Barna’s research has discovered that there are unusually large differences in behavior related to matters such as media use, profanity, gambling, alcohol use, honesty, civility, and sexual choices.
The firm’s studies have also pointed out that a person’s worldview is primarily shaped and is firmly in place by the time someone reaches the age of 13; it is refined through experience during the teen and early adult years; and then it is passed on to others during their adult life. Such studies underscore the necessity of parents and other influencers being intentional in how they help develop the worldview of children.
George Barna, who directed this tracking research starting in the early Nineties, pointed out, “There are a several troubling patterns to take notice. First, although most Americans consider themselves to be Christian and say they know the content of the Bible, less than one out of ten Americans demonstrate such knowledge through their actions. Second, the generational pattern suggests that parents are not focused on guiding their children to have a biblical worldview. One of the challenges for parents, though, is that you cannot give what you do not have, and most parents do not possess such a perspective on life. That raises a third challenge, which relates to the job that Christian churches, schools and parachurch ministries are doing in Christian education. Finally, even though a central element of being a Christian is to embrace basic biblical principles and incorporate them into one’s worldview, there has been no change in the percentage of adults or even born again adults in the past 13 years regarding the possession of a biblical worldview.”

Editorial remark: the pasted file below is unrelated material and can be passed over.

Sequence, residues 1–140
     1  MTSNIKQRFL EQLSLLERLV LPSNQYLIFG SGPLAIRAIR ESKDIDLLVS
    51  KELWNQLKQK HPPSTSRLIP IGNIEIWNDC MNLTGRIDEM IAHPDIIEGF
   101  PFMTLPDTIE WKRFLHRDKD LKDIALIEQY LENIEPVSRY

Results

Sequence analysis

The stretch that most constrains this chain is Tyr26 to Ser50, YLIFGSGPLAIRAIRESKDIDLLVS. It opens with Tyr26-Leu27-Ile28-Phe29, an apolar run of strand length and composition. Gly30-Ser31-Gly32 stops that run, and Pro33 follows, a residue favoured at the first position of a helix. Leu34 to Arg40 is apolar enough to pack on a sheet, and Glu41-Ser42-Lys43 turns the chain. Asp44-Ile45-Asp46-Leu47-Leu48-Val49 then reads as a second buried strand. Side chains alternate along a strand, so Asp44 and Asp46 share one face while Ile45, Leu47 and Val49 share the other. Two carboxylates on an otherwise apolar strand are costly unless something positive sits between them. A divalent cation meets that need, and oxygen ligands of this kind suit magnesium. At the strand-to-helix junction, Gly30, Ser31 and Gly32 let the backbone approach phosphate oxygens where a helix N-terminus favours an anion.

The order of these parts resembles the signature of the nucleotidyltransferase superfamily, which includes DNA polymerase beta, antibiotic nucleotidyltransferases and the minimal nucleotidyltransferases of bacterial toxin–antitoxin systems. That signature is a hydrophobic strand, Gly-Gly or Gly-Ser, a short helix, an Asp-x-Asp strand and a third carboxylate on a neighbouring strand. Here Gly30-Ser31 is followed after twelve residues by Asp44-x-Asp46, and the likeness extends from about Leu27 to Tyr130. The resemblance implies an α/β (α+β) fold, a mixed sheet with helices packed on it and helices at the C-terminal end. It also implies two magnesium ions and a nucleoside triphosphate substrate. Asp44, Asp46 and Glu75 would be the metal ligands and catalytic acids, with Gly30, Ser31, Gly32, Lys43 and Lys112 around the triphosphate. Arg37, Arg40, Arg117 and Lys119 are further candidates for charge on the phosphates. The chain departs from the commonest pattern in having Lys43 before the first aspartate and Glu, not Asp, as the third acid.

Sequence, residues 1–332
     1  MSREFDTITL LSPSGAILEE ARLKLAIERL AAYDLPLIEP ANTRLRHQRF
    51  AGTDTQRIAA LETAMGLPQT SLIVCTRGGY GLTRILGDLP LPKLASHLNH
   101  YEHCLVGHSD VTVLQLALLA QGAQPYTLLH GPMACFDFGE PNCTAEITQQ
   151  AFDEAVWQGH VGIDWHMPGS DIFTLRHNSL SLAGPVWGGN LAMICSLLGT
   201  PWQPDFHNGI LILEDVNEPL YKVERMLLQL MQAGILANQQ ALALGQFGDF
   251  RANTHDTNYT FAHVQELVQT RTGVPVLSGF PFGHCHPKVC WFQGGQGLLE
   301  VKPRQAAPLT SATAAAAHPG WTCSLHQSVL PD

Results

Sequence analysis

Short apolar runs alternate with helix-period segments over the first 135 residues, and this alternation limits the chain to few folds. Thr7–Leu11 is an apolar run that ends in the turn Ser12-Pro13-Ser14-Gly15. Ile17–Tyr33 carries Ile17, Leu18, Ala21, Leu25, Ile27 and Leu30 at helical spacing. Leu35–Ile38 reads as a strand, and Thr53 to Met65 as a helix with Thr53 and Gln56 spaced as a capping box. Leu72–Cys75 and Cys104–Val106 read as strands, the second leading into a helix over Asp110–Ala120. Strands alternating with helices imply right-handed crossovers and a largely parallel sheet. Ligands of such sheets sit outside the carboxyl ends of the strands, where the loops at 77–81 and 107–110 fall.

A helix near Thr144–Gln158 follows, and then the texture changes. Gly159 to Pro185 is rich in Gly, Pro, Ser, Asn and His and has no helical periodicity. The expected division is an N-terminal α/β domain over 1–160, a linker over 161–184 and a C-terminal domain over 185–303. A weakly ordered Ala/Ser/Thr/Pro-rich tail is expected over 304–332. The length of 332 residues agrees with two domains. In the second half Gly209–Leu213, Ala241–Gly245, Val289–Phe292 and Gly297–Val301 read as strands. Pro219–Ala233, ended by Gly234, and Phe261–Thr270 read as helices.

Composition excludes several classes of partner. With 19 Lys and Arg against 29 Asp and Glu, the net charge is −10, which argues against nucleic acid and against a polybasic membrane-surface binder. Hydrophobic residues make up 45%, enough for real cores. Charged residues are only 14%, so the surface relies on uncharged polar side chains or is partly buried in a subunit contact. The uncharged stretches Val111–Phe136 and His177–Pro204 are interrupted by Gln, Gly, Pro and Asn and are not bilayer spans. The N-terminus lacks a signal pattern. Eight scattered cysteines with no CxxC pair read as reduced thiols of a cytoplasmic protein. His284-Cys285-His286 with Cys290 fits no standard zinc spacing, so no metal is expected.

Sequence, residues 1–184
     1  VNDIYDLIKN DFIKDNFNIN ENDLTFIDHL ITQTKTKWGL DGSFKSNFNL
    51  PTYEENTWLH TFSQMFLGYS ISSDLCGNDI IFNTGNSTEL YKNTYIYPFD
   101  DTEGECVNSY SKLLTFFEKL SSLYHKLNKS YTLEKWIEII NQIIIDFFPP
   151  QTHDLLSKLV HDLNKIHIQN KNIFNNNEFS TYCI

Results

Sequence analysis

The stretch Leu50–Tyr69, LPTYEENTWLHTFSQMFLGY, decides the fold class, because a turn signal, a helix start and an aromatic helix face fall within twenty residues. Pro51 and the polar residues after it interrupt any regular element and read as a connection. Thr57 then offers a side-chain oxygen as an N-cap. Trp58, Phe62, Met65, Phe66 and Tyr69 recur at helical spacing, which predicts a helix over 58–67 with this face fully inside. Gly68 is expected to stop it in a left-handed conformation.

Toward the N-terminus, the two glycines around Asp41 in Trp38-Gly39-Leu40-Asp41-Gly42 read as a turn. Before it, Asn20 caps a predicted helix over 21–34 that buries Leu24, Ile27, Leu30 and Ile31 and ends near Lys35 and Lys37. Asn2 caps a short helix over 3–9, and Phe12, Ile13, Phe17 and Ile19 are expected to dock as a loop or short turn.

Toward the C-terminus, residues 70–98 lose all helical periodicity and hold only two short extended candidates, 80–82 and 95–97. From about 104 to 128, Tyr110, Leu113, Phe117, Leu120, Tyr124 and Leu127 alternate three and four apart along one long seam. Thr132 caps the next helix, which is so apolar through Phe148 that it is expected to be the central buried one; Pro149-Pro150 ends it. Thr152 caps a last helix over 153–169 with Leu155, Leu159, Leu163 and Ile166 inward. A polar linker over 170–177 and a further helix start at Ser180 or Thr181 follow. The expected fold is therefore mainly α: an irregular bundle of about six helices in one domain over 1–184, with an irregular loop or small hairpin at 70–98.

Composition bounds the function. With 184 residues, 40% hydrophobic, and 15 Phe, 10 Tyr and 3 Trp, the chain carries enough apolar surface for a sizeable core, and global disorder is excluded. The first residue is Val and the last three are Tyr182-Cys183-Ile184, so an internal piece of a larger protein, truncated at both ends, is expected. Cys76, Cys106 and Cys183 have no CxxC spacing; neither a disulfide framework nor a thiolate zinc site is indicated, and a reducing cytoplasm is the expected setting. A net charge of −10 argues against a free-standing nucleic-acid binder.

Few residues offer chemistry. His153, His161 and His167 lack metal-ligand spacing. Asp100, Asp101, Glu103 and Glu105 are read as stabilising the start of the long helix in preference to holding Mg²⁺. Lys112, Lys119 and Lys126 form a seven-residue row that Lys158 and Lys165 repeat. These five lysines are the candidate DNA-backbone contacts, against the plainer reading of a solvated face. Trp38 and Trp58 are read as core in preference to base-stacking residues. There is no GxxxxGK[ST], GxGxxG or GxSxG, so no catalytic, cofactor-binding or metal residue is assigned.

Barna concluded by noting that the lack of movement in the worldview status of adults reflects the fact that children are not provided with the basic ability to think in ways that correspond to foundational biblical teachings. He noted that Christian families, Christian schools, and Christian churches would be wise to invest more effort and tangible resources into helping young people understand and adopt the core ideas of Christianity, and to reinforce those concepts through their own lives. His pointed out that without such an investment, the current generational patterns indicate that the future Christian Church is likely to be one that has even less of a connection to biblical principles than is evident today.